The air conditioner hums and I kiss my daughter on the cheek, the sour scratch of lemonade still fresh at the back of my throat. A fleeting memory blows through my mind like the breeze does on hot, humid summer days and I reach for my daughter’s story Bible, chasing it. I open pages to bright pictures of mountains and of birds, of smiling Adam and Eve, of curly blue-green ocean waves. I read the words out loud, but I’m really reading to myself.
“God saw all that he had made and he loved them. And they were lovely because he loved them.”
Oh, how those words quench my thirsty soul like that sour lemonade. I read on.
“And when God saw them he was like a new dad. ‘You look like me,’ he said. ‘You’re the most beautiful thing I’ve ever made!” God loved them with all of his heart. And they were lovely because he loved them.”
And my voice breaks and a tear slips down my cheek. Lovely. Lovely because he loves us.
Today I have looked at my sweet daughter and I have thought about the stab of harsh words and mean looks. I have remembered the cold sweaty feeling you get from overhearing mean girls whisper and stare. I have thought about how to prepare my daughter for this ugly part of being a woman.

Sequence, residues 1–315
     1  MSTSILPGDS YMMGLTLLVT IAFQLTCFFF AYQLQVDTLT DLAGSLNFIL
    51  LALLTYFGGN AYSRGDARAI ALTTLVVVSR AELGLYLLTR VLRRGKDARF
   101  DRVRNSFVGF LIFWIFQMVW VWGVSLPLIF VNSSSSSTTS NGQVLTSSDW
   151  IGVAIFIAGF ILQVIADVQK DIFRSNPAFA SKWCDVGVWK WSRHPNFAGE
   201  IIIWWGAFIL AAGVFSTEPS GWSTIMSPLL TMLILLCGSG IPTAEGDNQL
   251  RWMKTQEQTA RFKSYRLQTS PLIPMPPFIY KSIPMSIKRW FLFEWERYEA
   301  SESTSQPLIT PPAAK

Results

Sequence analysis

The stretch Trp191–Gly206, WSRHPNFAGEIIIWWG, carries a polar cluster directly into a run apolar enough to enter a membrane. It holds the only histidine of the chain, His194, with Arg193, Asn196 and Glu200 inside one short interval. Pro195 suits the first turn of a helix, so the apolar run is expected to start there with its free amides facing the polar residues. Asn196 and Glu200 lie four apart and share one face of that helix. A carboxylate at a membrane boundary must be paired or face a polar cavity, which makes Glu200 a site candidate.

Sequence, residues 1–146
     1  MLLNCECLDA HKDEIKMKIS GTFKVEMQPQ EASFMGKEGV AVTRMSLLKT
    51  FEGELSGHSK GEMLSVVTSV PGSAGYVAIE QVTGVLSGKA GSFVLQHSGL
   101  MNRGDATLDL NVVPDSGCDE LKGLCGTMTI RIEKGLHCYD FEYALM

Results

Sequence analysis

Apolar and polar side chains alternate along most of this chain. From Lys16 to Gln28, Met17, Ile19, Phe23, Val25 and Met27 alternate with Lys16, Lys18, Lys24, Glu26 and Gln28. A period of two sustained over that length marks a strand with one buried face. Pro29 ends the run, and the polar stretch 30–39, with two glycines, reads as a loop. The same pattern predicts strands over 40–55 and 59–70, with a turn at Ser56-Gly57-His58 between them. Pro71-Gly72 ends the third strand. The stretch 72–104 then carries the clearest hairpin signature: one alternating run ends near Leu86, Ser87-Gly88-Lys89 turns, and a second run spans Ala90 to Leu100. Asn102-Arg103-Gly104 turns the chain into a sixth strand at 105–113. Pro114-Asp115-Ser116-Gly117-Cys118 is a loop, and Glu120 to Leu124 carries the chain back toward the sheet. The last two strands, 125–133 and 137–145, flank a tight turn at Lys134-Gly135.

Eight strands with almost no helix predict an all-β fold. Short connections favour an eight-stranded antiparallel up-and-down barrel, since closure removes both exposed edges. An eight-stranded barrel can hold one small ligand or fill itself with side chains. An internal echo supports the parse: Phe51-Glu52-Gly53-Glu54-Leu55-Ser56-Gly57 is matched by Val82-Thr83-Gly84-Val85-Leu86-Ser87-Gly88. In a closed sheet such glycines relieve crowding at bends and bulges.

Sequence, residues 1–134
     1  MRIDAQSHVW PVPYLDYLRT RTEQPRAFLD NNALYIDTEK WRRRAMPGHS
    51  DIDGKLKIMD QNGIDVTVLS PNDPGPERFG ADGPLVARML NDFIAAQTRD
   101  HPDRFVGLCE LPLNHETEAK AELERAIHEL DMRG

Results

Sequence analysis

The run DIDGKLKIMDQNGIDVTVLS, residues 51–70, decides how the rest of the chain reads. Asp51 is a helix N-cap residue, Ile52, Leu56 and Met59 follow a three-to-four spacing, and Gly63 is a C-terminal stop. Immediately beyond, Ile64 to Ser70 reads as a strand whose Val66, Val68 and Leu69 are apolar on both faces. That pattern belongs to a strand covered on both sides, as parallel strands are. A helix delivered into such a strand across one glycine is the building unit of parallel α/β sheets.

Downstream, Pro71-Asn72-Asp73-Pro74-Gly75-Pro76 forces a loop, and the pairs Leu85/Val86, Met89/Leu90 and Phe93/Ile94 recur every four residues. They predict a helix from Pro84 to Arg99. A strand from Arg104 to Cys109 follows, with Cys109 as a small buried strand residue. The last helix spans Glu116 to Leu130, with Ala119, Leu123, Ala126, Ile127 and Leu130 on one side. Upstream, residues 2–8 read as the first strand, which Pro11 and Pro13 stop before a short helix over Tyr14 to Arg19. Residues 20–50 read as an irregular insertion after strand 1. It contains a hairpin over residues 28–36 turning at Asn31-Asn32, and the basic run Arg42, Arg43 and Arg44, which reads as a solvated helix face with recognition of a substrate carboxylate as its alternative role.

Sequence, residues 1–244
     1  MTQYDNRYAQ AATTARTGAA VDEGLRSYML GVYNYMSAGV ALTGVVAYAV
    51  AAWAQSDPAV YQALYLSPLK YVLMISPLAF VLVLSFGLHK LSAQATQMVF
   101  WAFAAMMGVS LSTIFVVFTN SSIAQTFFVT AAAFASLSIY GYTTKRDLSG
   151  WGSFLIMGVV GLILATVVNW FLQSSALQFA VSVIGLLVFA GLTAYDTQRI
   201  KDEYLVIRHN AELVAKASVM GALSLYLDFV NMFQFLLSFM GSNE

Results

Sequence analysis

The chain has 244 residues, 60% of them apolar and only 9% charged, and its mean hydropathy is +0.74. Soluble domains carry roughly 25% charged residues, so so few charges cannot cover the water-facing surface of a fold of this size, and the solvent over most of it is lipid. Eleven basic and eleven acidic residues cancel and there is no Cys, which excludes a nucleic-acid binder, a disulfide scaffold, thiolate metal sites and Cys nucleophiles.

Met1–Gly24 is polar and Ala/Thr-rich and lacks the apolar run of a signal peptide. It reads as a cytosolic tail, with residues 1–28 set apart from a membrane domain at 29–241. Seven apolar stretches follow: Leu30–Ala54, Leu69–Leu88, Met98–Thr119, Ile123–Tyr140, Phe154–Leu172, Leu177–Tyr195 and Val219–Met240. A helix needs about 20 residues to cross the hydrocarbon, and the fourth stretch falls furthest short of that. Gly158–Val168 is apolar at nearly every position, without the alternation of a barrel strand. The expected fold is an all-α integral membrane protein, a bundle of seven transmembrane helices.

Today I have talked with my mother about why people argue and fight so much about little things like wearing bikinis, pretending like Jesus cared about things that don’t really matter and ignoring things that do. About why we choose to hold onto our soapboxes instead of holding onto one another’s hearts.
Into all of this slip the sweet words of my daughter’s little story Bible. “They were lovely because he loved them.” Not because the mean girls accepted them. Not because they believed all the right things and refused to talk to anyone who didn’t. Not because they chose a hill to die on regardless of how many bodies fell around them.
Because. he. loved. them.
This is what I hope to share with my daughter. This is what I hope to learn myself. That I am lovely because he loves me. That they are lovely because he loves them. No meanness can take that away. No rejection. No inclusion. No stubborn stomping on a soapbox makes me more lovely or makes others less lovely. There’s no room for pride when my loveliness is a gift. No room for sulking because I haven’t been included.
This is grace. We don’t deserve it and we cannot earn it. It made us lovely when we were not. And it changes everything.